She’s had a learning curve with her anger. She’s learned that her anger response is a reliable prompt to pay attention: a boundary has been crossed, an agreement has been broken, something important has gone down. And after she recovers from the physiology — which can be a matter of moments — she can use her many resources — mental and otherwise — to respond in a smart and useful way. NOT with a swat.

She now has a track record (with herself) of turning this situation around. “I know it’s actually not about me, and it’s not about the other person. It’s all about the work we do. If I can re-focus on the work — our mission, the purpose of our work — then I know I’ll find a way to say what needs to be said in terms of the work. That’s my ticket to losing the red face and becoming my larger, more competent self again.” She’s also learned to say, in the heat of the moment, “Give me a minute,” or “Let me get back to you.” This buys her some breathing room. Literally.

Curious to know more about how to interrupt the anger response?  This article has some great ideas. So does this one. (Don’t be confused, in this second article, by the use of the word “reactionary” at the end of the second paragraph. They mean “reactive.”)

Does Candace’s story sound like a fairy tale to you?  This is how one person is working more effectively with anger at work.  It may not be the right way for you to work with your anger at work — you may have to find a different way.  Could you use some help managing your emotions at work?  I encourage you to schedule an initial meeting with me to tell me about your situation and find out what I can offer you. Email me to get started.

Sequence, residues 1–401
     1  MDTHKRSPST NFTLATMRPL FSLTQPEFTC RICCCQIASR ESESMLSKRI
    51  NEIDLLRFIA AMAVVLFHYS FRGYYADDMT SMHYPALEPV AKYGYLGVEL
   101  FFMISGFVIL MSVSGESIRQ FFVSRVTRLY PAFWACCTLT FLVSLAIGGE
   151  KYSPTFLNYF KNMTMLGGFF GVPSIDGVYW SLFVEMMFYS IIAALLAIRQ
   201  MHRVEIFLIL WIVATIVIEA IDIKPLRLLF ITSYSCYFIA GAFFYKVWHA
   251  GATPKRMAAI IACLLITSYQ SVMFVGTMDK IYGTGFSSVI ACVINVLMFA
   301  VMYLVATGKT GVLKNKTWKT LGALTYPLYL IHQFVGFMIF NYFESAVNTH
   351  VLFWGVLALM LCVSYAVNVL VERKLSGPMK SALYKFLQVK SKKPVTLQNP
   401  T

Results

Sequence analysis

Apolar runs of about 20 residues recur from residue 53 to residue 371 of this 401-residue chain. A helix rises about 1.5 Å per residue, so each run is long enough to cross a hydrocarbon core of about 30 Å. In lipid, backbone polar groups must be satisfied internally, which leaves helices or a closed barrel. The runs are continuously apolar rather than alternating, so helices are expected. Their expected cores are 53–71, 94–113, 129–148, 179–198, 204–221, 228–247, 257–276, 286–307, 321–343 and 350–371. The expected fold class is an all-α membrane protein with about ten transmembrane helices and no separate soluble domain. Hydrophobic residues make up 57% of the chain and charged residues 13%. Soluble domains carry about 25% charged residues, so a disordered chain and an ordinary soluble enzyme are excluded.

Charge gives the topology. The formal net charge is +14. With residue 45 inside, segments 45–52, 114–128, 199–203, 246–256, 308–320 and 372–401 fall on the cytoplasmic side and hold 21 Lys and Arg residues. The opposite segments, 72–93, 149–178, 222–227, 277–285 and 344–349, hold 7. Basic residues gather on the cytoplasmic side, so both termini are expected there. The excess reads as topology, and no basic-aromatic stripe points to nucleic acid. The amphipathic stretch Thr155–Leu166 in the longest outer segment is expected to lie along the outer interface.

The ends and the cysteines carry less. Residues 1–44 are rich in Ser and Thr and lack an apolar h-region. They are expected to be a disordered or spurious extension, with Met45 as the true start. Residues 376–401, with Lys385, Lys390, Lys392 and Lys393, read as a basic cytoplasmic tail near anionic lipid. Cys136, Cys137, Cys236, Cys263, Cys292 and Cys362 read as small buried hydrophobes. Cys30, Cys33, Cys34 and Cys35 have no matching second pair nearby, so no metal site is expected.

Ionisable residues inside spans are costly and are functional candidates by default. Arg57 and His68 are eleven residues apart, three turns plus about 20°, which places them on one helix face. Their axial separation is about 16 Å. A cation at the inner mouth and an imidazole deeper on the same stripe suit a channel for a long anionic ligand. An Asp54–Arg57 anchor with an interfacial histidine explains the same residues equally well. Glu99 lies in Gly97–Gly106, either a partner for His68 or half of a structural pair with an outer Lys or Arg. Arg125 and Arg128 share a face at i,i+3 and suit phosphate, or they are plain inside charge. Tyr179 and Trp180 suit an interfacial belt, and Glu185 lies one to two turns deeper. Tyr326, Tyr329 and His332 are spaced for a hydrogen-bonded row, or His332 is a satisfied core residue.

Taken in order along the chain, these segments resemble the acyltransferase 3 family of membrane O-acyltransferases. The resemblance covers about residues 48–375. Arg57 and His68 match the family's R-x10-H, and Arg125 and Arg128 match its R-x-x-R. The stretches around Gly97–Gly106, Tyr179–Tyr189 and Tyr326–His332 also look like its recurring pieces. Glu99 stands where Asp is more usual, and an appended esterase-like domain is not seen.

[*Photo by Frida Bredesen on Unsplash]


17 October 2017

Body Language, Cortisol, and Confidence

Wonder woman power pose

Your Mom was right when she repeatedly told you to “Stand up straight!”  Here’s why — and  it’s not just about your appearance.

Harvard Business School professor Amy Cuddy’s extensive research reveals that changing our body posture — in the moment — changes our mental state. Check out her Ted Talk if you haven’t already.

Think of the body posture of someone who has just scored a touchdown or won an Olympic gold medal event: arms outstretched or raised above the head or hands on hips, back straight, head high, shoulders back.  We associate this body language with the experience of winning, understanding on some level that the win produces the body language.